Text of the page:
Spiny dogfish have had a long history of interactions with humans. These sharks, once reviled as pests, became valued food fish (particularly in Europe), were declared overfished, rebounded much more quickly than expected, and are now targeted by a certified sustainable fishery on the U.S. east coast. All of this has not happened without controversy, with difficulties obtaining international dogfish management and promoting the fishery stateside.
What gets lost in all this talk of making the dogfish fishery work is the fact that spiny dogfish are incredibly interesting animals. While they’ve traditionally been the lab rat of the shark world, used as a general model for elasmobranch biology, dogfish in fact possess a number of unique adaptations that make them not just an “atypical” shark, but a pretty damn strange one. As other shark populations continue to struggle with fishing pressure, the unique traits of the spiny dogfish may allow this species to adapt to the greatest driver of extinction in the history of fish evolution: humans.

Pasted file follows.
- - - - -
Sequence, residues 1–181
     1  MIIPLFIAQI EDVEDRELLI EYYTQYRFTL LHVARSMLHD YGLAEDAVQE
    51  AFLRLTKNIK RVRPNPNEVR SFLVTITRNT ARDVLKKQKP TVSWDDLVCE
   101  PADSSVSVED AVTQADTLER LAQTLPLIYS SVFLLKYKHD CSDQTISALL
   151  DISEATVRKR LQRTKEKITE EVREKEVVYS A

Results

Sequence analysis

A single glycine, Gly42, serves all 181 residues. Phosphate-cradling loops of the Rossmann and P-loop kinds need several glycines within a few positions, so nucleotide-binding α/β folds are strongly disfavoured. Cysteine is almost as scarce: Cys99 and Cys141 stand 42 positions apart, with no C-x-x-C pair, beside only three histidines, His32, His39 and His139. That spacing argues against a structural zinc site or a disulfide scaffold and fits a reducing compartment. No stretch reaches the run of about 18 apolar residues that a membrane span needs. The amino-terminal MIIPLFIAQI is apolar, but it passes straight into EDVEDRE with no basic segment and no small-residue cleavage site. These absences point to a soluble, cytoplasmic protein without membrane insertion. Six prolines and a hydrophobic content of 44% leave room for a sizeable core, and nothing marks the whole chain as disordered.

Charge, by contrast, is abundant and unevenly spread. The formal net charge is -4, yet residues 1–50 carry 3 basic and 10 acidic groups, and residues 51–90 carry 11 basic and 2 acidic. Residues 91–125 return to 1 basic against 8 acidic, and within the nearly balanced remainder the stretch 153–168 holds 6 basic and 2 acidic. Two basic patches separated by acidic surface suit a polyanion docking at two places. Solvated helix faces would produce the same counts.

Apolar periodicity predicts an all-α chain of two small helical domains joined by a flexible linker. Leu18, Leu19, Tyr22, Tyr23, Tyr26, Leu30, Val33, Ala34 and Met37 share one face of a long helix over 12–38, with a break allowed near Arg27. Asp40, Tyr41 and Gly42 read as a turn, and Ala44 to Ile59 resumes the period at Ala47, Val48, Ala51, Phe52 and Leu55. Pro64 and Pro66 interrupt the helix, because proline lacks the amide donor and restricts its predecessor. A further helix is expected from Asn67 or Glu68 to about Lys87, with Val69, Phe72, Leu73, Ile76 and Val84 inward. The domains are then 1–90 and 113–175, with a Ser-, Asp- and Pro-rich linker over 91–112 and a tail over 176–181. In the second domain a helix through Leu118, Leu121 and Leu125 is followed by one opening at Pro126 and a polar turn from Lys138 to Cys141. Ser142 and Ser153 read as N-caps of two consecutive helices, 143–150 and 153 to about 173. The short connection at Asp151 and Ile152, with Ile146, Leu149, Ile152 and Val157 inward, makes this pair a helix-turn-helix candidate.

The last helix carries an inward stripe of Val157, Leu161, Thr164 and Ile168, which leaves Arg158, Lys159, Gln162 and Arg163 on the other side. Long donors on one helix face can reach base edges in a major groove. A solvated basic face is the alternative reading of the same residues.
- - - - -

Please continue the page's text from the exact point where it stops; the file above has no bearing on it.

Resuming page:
In that spirit, I’d like to introduce a new series of posts for this blog with the tongue-in-cheek title “Perfect Little Killing Machines.” This series will cover the evolution, natural history, and ecology of spiny dogfish, showcasing the unusual adaptations that have made these little sharks such successful survivors. Some of the posts will be updated versions of older posts on spiny dogfish biology, while others will be totally new. Through it all, I hope you get an appreciation for the spiny dogfish not just as a fishery, but as an animal.